He takes Lois back with him to the Busted Flush and leaves her there to recuperate further while he continues his investigation. Lois remembers that during one of their trips to sea with the Haitian prostitute she had seen Junior Allen drop a blue marble on the deck accidentally. When Fancha mischievously picks it up, puts it in her mouth, and jumps overboard, Allen brings out a gun and shoots into the water until she comes back on board. He then drags her by her hair and beats her mercilessly. This makes Travis realize that Sargent David Berry had probably converted all his illegal gains into blue gems (hence the title), smuggled it into the country, and hidden them in his house. His instincts are confirmed when he visits two of the Sargent’s old crew members and questions them about Berry’s war-time activities.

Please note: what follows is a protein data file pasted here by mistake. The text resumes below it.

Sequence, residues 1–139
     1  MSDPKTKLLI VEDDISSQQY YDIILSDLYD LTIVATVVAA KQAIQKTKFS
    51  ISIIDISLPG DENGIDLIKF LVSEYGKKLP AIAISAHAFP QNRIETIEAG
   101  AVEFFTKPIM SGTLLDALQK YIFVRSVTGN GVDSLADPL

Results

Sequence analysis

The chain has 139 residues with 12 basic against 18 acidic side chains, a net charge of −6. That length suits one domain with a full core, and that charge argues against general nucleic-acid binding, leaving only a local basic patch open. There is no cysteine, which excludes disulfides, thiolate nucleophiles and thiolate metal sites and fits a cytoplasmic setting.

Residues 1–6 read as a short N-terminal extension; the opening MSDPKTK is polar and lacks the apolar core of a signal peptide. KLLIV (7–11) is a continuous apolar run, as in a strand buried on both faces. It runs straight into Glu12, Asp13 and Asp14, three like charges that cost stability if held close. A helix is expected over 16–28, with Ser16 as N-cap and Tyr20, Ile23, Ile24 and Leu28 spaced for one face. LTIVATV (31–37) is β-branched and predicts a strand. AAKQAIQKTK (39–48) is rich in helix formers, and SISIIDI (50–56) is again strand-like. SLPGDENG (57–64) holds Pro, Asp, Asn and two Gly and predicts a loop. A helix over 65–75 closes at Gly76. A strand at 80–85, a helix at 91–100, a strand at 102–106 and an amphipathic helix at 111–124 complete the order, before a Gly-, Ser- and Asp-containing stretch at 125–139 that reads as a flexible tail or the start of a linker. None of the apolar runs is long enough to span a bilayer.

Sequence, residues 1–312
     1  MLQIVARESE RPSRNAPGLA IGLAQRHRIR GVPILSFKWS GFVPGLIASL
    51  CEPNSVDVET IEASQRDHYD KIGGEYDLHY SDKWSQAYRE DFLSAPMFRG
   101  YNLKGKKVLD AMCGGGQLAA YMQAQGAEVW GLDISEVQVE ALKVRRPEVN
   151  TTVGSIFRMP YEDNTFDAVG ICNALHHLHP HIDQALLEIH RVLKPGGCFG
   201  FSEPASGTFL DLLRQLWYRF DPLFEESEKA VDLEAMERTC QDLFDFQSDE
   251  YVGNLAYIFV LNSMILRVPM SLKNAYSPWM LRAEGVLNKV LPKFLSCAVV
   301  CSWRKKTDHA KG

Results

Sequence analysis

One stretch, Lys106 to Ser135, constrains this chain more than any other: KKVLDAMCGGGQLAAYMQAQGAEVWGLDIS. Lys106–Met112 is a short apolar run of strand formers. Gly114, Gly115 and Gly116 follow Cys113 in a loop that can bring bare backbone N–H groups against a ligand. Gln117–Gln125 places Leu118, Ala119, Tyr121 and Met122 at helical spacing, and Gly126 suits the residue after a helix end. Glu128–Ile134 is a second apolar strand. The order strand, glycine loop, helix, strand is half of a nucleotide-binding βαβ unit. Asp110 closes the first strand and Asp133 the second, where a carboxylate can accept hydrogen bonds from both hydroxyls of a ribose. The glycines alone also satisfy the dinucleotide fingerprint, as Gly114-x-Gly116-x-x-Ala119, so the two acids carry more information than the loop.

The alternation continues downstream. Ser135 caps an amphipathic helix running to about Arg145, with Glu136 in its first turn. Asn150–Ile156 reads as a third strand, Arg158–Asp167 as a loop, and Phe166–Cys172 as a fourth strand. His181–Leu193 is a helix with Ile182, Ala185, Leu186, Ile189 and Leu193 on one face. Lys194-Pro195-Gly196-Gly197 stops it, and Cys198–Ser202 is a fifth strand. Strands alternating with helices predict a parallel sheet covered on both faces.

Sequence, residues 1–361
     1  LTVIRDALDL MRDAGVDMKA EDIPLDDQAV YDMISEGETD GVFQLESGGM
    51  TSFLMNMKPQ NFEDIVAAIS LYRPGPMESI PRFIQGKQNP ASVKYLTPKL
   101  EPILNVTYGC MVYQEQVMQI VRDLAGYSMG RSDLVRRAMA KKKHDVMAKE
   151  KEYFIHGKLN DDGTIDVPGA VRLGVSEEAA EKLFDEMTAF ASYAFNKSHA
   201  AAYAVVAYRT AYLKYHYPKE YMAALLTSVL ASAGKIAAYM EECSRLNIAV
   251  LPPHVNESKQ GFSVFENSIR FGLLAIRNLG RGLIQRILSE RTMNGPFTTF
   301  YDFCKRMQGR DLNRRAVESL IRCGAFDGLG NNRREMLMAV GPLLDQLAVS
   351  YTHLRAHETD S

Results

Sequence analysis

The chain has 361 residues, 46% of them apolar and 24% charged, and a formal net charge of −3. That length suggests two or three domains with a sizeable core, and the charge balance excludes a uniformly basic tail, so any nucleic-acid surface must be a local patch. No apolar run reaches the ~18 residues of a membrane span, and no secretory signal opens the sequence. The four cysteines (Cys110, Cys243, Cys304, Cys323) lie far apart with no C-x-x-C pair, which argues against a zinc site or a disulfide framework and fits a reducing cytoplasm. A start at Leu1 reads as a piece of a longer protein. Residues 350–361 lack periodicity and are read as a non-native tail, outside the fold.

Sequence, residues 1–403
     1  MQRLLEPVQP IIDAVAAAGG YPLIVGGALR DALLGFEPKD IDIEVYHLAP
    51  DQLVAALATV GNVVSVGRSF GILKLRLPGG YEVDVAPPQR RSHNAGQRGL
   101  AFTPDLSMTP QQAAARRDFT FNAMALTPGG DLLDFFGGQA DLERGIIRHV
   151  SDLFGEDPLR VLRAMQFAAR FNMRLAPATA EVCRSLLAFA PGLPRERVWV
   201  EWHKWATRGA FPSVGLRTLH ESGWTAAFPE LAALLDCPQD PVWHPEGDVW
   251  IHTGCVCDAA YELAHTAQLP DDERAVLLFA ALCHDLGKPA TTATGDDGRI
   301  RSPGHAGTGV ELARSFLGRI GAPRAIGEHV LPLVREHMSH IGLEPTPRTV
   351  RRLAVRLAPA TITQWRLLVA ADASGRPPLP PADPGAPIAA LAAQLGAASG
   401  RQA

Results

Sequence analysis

He tracks Junior Allen through his boat the Play Pen and finds out that he now hangs out with a group of young students who call him “Dads.” McGee befriends a couple of them and gets himself invited to Allen’s boat. He meets Allen and the rest of the group. He finds out that they are all going on a ocean trip soon at Dads invitation. Travis tries to get himself invited as well but Allen tells him there isn’t enough room…

"Some instinct made him wary of me. I would look toward him and see those little blue eyes studying me over that wide smile. He was a big old tom watching benignly as the mice cavorted. He didn’t want another cat at the party. There wasn’t enough for two."


While he is with the group, Travis also realizes what Allen is after — and who his next victim will be! One of the young girls in the group is Patty Devlan, a bespectacled, innocent girl who likes to clown around and looks like a gawky teenager. She is with her boyfriend, Pete, who has been trying in vain to sleep with her. McGee knows that Allen will find a way to stop Pete from going on the cruise… or even kill him once they are out at sea… and then make the two other girls into willing participants in Patty’s rape and degradation – like he did to Lois with Fancha.